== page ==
space

If the subjective constitution of the senses in general were removed, the whole constitution and all the relation of objects in space and time, nay, space and time themselves, would vanish... As appearances they cannot exist in themselves but only in us. What objects are in themselves, apart from all the receptivity of our sensibility, remains completely unknown to us. We know nothing but our mode of perceiving them - a mode which is peculiar to us, and not necessarily shared in by every being.

Neither time nor space exists for the man who knows the eternal. Space and time are real for the an who is yet imperfect, and space is divided for him into dimensions; time, into past, present, and future.

The imagination of a boy is healthy, and the mature imagination of a man is healthy; but there is a space of life between, in which the soul is in a ferment, the character undecided, the way of life uncertain, the ambition thicksighted.

Outer space is within us inasmuch as the laws of space are within us; outer and inner space are the same.

Perceptual space, under its triple form, visual, tactile and motor, is essentially different from geometric space. It is neither homogeneous, nor isotropic; one can not even say that it has three dimensions. It is often said that we ‘project’ into geometric space the objects of our external perception; that we ‘localize’ them. Has this a meaning, and if so what? Does it mean that we represent to ourselves external objects in geometric space? Our representations are only the reproduction of our sensations; they can therefore be ranged only in the same frame as these, that is to say, in perceptual space. It is impossible for us to represent to ourselves external bodies in geometric space, as it is for a painter to paint on a plane canvas objects with their three dimensions. Perceptual space is only an image altered in shape by a sort of perspective, and we can represent to ourselves objects only by bringing them under the laws of this perspective. Therefore we do not represent to ourselves external bodies in geometric space, but we reason on these bodies as if they were situated in geometric space.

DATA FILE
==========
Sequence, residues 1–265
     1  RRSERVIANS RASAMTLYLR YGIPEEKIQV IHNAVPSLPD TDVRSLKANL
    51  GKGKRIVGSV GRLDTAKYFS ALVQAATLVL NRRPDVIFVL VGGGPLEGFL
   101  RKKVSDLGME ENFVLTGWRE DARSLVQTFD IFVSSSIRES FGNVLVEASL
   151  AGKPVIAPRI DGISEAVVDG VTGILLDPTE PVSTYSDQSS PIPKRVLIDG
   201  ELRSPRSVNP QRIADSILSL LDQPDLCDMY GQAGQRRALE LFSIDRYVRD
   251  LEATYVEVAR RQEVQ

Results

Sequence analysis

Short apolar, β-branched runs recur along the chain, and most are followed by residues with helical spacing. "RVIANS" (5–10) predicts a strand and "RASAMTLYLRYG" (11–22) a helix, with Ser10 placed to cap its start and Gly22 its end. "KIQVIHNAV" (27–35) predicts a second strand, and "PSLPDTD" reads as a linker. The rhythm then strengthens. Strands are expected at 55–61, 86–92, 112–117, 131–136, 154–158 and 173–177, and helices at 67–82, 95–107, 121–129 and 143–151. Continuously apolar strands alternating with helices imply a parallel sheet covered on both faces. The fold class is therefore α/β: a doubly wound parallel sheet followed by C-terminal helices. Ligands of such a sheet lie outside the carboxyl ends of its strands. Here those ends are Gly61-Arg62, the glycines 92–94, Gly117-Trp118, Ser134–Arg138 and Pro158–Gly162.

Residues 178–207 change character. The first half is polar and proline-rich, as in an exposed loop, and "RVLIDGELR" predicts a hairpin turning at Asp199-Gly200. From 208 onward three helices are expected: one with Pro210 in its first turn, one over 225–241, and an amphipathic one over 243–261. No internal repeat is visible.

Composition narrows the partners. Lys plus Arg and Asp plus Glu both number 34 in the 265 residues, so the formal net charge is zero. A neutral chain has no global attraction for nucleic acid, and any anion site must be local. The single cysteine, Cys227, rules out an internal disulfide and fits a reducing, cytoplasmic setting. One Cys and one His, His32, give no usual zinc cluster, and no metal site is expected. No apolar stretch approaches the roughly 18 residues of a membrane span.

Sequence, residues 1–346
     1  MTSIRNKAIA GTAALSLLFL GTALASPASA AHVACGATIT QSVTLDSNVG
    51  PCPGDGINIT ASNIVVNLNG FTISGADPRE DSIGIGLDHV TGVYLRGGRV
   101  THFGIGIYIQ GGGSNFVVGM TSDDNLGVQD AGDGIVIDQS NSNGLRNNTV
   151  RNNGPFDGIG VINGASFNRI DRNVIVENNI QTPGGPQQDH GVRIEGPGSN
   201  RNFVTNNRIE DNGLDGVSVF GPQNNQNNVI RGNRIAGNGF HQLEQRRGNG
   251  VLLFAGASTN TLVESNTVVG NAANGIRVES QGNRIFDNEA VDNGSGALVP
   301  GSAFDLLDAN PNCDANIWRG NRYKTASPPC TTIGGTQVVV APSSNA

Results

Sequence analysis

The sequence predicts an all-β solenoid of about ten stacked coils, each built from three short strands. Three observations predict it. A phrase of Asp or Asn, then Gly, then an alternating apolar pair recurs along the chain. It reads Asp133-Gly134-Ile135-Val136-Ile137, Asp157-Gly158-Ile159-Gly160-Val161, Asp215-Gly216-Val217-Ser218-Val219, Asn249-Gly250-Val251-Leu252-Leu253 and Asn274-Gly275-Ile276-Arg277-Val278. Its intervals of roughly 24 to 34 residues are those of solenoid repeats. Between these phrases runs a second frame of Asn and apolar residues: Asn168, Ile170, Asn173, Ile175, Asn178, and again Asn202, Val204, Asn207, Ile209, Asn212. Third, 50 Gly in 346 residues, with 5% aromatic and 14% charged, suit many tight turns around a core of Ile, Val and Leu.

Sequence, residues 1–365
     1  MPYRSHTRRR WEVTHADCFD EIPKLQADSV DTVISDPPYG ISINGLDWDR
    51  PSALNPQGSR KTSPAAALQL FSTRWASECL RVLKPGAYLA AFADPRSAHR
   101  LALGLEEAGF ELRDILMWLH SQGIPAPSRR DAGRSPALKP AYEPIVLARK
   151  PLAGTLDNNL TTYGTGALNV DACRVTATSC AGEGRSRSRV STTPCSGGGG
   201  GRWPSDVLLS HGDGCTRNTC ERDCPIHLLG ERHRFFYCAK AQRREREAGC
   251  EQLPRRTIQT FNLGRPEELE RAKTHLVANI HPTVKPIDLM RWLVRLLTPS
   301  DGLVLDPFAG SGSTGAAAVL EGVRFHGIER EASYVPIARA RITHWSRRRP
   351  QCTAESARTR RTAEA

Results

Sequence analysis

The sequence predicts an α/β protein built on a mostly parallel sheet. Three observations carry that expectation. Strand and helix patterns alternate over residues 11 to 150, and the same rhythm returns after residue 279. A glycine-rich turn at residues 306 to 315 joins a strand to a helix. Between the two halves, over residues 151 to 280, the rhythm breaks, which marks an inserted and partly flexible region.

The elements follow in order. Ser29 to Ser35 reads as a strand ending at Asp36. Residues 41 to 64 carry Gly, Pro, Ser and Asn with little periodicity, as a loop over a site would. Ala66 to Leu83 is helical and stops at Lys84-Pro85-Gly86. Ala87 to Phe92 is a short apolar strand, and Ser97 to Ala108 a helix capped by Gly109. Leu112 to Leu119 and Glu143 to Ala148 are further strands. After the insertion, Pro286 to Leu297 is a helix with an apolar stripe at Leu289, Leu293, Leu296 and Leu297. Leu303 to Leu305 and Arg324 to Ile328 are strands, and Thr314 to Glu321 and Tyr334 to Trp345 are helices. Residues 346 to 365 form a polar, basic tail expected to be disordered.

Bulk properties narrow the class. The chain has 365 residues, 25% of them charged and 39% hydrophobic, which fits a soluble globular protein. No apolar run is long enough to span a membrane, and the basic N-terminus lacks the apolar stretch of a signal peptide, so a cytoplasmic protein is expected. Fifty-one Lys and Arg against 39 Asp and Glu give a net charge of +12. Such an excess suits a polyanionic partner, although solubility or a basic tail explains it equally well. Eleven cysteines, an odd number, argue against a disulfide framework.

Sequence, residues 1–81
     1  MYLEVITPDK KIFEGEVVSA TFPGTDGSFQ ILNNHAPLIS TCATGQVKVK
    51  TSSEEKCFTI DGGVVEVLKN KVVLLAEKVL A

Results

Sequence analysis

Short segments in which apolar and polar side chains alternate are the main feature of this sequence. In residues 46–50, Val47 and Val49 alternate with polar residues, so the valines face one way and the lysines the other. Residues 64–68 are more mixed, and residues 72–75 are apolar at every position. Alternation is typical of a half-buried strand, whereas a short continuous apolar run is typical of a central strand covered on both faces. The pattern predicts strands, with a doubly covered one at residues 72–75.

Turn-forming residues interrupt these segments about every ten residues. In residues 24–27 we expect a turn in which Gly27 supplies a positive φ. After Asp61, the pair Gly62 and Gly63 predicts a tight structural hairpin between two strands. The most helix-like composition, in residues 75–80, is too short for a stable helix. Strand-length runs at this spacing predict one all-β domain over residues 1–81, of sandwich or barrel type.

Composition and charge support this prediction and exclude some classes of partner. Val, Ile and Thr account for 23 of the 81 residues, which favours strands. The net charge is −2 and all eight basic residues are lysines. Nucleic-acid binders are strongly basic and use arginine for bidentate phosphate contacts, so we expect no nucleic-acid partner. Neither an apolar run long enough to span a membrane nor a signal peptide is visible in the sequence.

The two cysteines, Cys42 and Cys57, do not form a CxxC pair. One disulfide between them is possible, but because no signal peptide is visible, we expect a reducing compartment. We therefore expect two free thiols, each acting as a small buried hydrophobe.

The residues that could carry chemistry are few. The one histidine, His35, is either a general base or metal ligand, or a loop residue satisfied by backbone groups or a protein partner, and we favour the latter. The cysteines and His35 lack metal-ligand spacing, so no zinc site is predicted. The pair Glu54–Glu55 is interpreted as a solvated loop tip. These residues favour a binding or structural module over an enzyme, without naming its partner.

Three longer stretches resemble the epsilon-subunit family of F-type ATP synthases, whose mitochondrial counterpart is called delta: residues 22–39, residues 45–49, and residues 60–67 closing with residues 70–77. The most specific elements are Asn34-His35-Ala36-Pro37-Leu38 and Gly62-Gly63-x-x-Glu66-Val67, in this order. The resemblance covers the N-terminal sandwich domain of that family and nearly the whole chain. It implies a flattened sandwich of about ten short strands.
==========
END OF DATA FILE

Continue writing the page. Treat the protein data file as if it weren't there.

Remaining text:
Love is space and time made directly perceptible to the heart.

Nothing hinders the soul’s knowledge of God as much as time and space, for time and space are fragments, whereas God is one! And therefore, if the soul is to know God, it must know him above time and outside of space; for God is neither this nor that, as are these manifold things. God is One!

Every product of technology takes up space in the mind, and requires some investment of attention that could have been used for some other purpose.

Man must understand his universe in order to understand his destiny. Mystery, however, is a very necessary ingredient in our lives. Mystery creates wonder and wonder is the basis for man’s desire to understand. Who knows what mysteries will be solved in our lifetime, and what new riddles will become the challenge of the new generations? Science has not mastered prophesy. We predict too much for next year yet far too little for the next ten. Responding to challenge is one of democracy’s great strengths. Our successes in space lead us to hope that this strength can be used in the next decade in the solution of many of our planet’s problems.